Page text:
Wearable technology devices, properly integrated into an organisation’s processes, can really help to drive efficiencies – enabling easy data capture, driving speed and accuracy.
“Yet there still seems to be some ambiguity over the role they can play in supporting business growth and efficiency,” said James Summers, Founder & CEO, Conker (pictured below). This is evidenced in a 2021 report by Deloitte and MHI that found the two biggest barriers to adoption for organisations for wearable and mobile technology were, firstly, a lack of a clear business case and, secondly, a lack of understanding of the technology landscape.
Offering exceptional potential for improving efficiency in warehousing and logistics, the current (and primary) use for these wearable technology devices is in barcode scanning and data capture. “Information is collected and communicated easier and faster between individuals and the organisation,” continued Summers. “Automatic updates give real-time detailed insight into business activity and data is able to flow within the workplace quicker than ever, with instant access and insight into product status and metrics for worker productivity.”
When looking at wearables, there are particular aspects to efficiency that often get overlooked when considering the business case for their implementation. Examples of this would be the efficiency gains from the worker due to more harmonious technology, and the unforeseen costs due to failure-induced downtime as a result of insufficiently robust hardware choices.
“When it comes to the technology at the core of any logistics operation, its ease of use is essential,” Summers added. “The purchasing decisions made by IT departments, and/or management are primarily based on cost, or isolated from the reality of the situation, and the day-to-day experience of logistics workers. Technology must be harmonised as much as possible with the individuals using the system, which I’d argue needs to take precedent.”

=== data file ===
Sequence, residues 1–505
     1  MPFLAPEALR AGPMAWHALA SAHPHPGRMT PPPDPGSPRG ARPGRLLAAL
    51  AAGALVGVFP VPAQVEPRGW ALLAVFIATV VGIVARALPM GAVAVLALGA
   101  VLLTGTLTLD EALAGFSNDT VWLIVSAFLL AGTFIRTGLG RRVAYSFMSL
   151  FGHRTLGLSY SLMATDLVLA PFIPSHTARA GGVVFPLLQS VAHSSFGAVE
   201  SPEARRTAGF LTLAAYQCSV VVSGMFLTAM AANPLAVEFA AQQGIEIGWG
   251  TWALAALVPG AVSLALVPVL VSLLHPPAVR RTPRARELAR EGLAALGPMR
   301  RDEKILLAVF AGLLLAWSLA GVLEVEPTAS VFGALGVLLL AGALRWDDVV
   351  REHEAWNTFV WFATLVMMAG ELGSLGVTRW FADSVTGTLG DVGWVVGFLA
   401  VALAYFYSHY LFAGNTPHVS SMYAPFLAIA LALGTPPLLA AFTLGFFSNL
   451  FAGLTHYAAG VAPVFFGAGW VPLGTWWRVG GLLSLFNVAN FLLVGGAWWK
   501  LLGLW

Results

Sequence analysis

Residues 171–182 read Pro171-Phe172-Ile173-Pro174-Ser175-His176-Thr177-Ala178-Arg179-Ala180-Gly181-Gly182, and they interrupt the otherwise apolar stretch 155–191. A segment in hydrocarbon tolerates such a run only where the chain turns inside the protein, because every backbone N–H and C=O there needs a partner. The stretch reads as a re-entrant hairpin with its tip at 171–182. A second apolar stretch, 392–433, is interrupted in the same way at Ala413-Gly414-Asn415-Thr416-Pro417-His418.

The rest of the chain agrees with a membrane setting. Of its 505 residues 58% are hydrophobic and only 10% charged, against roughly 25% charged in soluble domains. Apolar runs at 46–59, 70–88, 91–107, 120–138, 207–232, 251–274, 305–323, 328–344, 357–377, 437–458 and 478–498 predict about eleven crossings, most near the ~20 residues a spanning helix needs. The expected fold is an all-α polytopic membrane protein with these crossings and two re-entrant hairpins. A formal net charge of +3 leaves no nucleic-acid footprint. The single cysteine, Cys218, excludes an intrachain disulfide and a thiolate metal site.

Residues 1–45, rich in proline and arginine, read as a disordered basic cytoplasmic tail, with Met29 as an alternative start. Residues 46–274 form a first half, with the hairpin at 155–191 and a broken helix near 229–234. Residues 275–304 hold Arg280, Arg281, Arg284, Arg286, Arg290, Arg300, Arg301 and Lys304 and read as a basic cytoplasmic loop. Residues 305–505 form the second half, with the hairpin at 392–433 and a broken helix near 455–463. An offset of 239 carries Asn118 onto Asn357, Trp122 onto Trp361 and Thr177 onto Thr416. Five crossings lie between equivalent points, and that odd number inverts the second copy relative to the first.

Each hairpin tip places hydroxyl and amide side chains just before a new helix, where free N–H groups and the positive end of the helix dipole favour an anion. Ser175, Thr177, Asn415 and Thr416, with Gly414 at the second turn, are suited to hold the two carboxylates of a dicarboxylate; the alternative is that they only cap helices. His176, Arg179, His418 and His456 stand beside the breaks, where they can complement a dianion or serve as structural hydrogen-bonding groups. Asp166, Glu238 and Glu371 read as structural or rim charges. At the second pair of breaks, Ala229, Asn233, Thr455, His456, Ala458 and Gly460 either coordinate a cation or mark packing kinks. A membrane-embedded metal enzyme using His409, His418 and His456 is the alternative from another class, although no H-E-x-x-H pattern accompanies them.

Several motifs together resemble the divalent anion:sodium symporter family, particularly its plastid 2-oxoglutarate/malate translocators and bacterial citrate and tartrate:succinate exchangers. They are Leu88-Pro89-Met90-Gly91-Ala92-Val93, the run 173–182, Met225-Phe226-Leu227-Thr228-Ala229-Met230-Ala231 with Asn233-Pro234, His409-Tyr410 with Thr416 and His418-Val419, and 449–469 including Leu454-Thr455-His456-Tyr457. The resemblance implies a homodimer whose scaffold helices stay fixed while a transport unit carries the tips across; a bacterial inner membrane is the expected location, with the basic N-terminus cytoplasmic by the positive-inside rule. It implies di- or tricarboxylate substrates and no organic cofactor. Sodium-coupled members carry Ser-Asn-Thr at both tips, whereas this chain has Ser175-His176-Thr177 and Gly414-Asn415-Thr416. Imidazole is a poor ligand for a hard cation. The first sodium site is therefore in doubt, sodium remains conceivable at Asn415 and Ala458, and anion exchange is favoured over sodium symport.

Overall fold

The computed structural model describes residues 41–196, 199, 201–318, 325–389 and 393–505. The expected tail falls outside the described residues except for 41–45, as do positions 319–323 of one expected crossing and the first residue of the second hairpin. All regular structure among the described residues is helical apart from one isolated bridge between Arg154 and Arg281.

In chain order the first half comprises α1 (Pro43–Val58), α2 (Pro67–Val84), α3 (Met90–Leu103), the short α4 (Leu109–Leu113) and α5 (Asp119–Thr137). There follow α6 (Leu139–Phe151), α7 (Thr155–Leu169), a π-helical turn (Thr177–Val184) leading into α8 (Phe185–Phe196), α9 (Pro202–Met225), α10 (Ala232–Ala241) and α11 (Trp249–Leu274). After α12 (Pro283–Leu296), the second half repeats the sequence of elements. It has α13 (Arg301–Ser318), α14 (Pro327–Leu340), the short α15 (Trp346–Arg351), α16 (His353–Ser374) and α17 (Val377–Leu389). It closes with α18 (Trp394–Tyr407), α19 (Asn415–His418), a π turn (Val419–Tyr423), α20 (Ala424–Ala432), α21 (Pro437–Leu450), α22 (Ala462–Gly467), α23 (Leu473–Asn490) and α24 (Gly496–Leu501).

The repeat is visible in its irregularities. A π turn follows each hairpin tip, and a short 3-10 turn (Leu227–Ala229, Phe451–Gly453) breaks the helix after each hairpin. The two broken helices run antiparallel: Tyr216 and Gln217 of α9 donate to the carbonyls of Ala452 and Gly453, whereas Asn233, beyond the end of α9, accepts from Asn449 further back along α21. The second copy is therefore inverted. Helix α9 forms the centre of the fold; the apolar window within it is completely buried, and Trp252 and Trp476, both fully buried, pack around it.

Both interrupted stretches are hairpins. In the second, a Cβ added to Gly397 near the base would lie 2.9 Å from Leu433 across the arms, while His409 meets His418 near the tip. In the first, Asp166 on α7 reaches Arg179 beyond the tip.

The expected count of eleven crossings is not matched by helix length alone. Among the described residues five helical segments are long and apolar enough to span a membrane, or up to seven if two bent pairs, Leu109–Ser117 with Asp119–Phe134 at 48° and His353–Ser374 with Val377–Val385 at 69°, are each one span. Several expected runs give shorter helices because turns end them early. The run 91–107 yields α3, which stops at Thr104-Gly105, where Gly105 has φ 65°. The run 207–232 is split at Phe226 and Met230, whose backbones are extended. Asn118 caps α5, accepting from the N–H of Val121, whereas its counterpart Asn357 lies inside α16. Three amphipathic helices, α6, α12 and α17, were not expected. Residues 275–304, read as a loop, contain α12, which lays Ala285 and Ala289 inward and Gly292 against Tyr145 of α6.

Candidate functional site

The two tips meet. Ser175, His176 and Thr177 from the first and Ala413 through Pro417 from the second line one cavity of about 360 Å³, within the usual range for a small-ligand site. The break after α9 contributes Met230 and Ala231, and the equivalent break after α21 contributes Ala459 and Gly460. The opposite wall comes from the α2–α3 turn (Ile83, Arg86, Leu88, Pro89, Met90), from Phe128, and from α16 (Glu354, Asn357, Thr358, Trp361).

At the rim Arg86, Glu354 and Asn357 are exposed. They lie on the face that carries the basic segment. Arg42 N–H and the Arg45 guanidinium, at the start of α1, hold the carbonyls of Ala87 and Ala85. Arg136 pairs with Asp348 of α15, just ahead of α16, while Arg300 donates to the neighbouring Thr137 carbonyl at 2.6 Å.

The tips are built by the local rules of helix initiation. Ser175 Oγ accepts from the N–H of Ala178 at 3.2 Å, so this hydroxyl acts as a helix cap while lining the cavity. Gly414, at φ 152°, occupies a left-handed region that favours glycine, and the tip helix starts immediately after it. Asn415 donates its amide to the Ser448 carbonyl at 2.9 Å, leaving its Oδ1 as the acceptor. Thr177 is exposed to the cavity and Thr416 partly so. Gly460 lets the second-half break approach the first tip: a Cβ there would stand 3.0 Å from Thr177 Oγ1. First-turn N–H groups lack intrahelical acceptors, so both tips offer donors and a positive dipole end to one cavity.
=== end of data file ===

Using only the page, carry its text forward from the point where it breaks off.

Wearables offer a solution to the issue of ease-of-use and user accessibility. When wearing a system, workers don’t have to stop and bring out devices, or manually input data (opening up the system to inaccuracies and human error), thereby streamlining operations. It provides a seamless, simpler experience for workers, bringing increased flexibility, and allowing them to work on multiple tasks faster, while improving overall productivity.
Another aspect to this is the well-being and safety of workers. “Wearables help reduce strain and physical workload,” Summers said. “In comparison to holding and carrying a tablet while doing tasks, wearing the system cuts down on the energy and strain required to complete tasks. The security of having devices worn also reduces the likelihood of it being dropped or introduced into the environment as a hazard.”
Improving uptime and efficiency are critical factors for logistics, with every second counting at each step of the process. Whether in a fast-paced warehouse environment, or on the road, inefficiencies and costs can quickly creep in if a device fails, or if the repair or support service for a device is delayed.
“We should always plan for technology to fail in some form; overlooking this can leave you open to risk,” Summers concluded. “However, rugged technology is about maximising uptime, and reducing potential inefficiencies through the toughness and longevity of the device and its battery. When considering the purchase of wearable or mobile technology it is not only durability that is important, but also the service support for a device and its’ warranty, both of which should also be factored into the purchasing decision.”